You wake up some days and want to go right back to sleep. Maybe it’s because you had a bad dream, or perhaps you’re stressed about a potential confrontation in your day. Maybe you had a fight with your loved one and went to sleep angry. Whatever the reason, there’s a multitude of ways to improve your mood.
Researcher Roy Baumeister believes that people use up their willpower avoiding temptation, which can lead to a brain drain that leaves you irritable and moody. That can create feelings of anger and lead you down a one-way street to Depressionville. There’s evidence to back this up, as a study published in the 2009 Journal of Neuroscience found that bad moods lead to a type of tunnel vision that actually narrows your field of vision. So not only are you mentally stuck in a rut, your eyes will literally take in less of your surroundings. If you’re in a good mood, however, your view widens to take in more of the world around you. Others, like psychologist Guy Winch, believe a bad mood can be caused by nearly anything negative you encounter from guilt to a build up of tasks to accomplish.
As you’ve probably noticed we’re sort of obsessed with helping ourselves change the way we look and feel to achieve a balanced and happy life. In part, this is because science has shown that only a small portion of our happiness is predetermined by genetics and circumstance, while up to 40 percent of our happiness is controlled by how we think and act on a daily basis.
We’ve already explored some simple tricks to make your overall life happier, but what do you do when you wake up in a bad mood? Or after you’ve had an argument with a parent? How can you instantly turn your mood around and get your day back on track? Here are five quick and easy ways to turn your frown upside down.
GO FOR A WALK
The winter months can lead to depression, but so can being cooped up inside a sweltering house all day. The solution to both those problems is getting outside. People who get more light exposure during the day have fewer sleep problems and less depression. Physical exercise, even a quick walk around the block, encourages the release of hormones and neurochemicals that naturally boost your mood. Jack Raglin, Ph.D., who specializes in mental health and exercise, recommends doing activities that match your mood instead of forcing yourself to do something outside of your comfort zone. If you can’t bring yourself to take a long walk, perhaps convince yourself to go outside to check the mail and water some plants, or take a walk to the store to buy yourself a treat.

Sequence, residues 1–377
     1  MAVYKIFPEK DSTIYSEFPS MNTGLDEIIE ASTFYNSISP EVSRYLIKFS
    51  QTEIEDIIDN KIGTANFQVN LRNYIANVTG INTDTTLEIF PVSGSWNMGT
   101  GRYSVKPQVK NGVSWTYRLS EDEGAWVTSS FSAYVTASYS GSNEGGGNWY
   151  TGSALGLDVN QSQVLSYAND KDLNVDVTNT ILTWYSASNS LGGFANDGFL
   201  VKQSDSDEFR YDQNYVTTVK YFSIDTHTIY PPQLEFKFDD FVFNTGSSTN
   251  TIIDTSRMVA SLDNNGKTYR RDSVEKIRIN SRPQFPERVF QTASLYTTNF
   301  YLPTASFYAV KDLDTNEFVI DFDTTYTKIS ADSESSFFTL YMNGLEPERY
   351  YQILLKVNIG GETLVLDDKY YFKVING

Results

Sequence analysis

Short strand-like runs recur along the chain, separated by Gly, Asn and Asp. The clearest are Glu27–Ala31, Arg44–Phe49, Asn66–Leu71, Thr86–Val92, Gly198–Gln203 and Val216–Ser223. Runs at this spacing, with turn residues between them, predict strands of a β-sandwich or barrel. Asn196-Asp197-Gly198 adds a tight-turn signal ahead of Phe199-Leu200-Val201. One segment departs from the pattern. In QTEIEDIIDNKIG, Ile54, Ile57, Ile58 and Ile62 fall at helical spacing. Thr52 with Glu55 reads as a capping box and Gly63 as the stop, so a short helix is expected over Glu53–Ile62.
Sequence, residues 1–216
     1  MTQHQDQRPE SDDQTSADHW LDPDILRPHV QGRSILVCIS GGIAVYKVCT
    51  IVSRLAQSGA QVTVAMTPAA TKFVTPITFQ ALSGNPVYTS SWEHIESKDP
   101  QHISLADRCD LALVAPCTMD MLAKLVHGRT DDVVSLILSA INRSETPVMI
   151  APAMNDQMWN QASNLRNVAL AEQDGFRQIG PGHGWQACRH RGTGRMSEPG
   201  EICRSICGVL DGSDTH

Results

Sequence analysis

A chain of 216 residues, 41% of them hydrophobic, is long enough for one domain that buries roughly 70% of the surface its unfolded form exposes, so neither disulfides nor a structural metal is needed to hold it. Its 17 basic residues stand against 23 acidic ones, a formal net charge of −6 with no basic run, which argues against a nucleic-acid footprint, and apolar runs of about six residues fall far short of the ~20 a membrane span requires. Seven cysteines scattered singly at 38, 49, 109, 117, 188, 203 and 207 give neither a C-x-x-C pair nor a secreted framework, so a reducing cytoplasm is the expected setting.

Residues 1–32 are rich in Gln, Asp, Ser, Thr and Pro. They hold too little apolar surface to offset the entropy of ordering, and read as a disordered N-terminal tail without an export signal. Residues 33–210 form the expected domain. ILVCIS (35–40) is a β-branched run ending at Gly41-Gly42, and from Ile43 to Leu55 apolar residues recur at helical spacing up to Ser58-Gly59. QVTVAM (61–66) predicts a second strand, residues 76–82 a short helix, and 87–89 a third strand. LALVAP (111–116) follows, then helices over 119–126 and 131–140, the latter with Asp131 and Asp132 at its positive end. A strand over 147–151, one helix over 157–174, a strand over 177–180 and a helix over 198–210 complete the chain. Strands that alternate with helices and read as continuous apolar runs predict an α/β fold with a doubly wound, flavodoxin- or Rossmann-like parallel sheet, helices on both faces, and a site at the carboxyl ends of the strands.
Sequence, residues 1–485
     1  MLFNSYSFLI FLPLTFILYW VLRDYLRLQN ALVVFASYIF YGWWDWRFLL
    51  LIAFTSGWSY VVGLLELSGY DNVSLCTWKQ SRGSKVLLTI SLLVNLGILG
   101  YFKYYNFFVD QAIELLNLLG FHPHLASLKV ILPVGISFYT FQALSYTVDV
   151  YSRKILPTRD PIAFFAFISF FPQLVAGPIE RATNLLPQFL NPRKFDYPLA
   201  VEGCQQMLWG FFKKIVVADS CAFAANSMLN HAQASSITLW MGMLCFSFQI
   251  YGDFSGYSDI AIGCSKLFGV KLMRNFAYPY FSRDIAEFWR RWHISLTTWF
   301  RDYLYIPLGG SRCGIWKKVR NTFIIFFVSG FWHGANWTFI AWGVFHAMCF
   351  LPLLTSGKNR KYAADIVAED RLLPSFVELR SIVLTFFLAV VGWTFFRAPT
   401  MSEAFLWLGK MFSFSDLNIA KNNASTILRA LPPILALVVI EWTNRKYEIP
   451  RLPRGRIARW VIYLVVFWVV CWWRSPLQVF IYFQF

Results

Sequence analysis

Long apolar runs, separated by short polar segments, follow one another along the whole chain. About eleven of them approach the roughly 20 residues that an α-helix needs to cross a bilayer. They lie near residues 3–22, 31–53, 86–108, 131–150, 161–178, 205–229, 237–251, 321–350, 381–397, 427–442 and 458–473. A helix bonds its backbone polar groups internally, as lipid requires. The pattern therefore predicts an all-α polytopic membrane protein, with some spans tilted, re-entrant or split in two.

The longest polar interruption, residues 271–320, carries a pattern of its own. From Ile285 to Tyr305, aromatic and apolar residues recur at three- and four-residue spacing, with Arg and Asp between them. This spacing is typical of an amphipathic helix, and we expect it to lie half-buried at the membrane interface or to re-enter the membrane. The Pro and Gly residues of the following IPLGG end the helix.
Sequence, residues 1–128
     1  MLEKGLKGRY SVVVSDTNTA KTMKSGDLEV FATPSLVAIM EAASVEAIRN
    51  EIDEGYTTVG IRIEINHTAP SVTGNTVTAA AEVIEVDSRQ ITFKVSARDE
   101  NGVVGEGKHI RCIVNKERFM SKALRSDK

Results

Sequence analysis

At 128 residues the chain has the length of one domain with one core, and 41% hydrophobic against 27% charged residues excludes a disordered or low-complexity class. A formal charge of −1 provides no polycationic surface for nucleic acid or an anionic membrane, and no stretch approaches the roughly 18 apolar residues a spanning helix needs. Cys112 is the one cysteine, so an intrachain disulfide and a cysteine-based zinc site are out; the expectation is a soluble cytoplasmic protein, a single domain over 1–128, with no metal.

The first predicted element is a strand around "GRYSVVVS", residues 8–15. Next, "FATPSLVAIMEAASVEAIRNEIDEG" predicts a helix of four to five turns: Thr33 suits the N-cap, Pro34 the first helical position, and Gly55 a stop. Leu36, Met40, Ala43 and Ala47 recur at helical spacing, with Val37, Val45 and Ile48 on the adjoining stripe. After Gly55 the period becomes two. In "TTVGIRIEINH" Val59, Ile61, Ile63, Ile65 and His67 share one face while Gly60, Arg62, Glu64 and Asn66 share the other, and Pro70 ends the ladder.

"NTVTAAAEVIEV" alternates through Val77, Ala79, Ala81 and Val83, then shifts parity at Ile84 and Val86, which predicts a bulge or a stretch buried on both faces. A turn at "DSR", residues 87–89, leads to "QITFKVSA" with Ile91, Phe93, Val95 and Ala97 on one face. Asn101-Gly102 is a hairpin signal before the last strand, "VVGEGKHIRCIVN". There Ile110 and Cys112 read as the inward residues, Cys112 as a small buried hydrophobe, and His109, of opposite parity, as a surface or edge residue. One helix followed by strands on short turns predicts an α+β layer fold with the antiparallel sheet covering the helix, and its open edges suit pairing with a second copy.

CLEAN-UP AFTER YOURSELF
A cluttered home or bedroom can lead to feelings of disorganization and a sense that life is out of control. It’s a reminder of all the little things you should be doing, but aren’t, like cleaning up after yourself, dusting and making your bed. The easiest way to combat these feelings is to do something about them. We’re not talking about deep cleaning your entire house either, simply tidying up can ease your mind with the illusion of order.
LISTEN TO YOUR FAVORITE UPBEAT ALBUM
Upbeat music has been shown to improve your mood, according to a study by Yuna Ferguson published in 2013 by the University of Missouri. The key to music therapy is to distract yourself and not focus on the goal of “getting happy,” but instead relax and allow the songs to work their magic. Something familiar, or even better one of your favorites, can increase your enjoyment and make it easier to sing along, thereby distracting you from your dark thoughts.
MAKE SOME ART
Art therapy has grown in popularity over the years, thanks in part to an extensive amount of research in the field. The Center For Neurological And Neurodevelopmental Health reports that art can help reactivate the pleasure centers in the brain by engaging senses, which causes the release of pleasure-related neurotransmitters like dopamine. Pride in your artistic creation can boost your self-esteem and sense of self-worth, which reinforces confidence. It can also be an outlet to relieve stress or tension, which is why researchers now suggest coloring as a therapeutic activity for children as well as adults. Groundbreaking research in 2005 proved anxiety levels dropped when subjects colored mandalas, which are round frames with geometric patterns inside. Simply doodling, though, had no effect in reducing the other subjects’ stress levels. That’s because coloring, like meditation, allows our brains to focus on only the moment, instead of racing through a variety of anxiety-inducing thoughts.
Every so often the only option we have left to turn our day around and fight off sadness is to spend a little money on a treat. You could eat a few pieces of dark chocolate, which has been shown to lower stress hormones in your bloodstream. Another option is to curl up with a nice cup of hot or iced green tea, which contains theanine, a natural substance that’s been shown to have a calming effect on your body. If food and drinks aren’t your thing maybe it’s time to get that haircut you’ve been saving up for or the mani/pedi you’ve been putting off. Ice cream is one of our go-to treats for the saddest of days, but maybe you’re more into taking a weekend getaway somewhere tropical to boost your mood.
The important thing to remember when you’re hit with a bought of undeniable sadness is that you’re not alone and there are a ton of options to combat those feelings. Start small and work up to trying them all in a row whenever you feel dark thoughts encroaching on an otherwise pleasant day.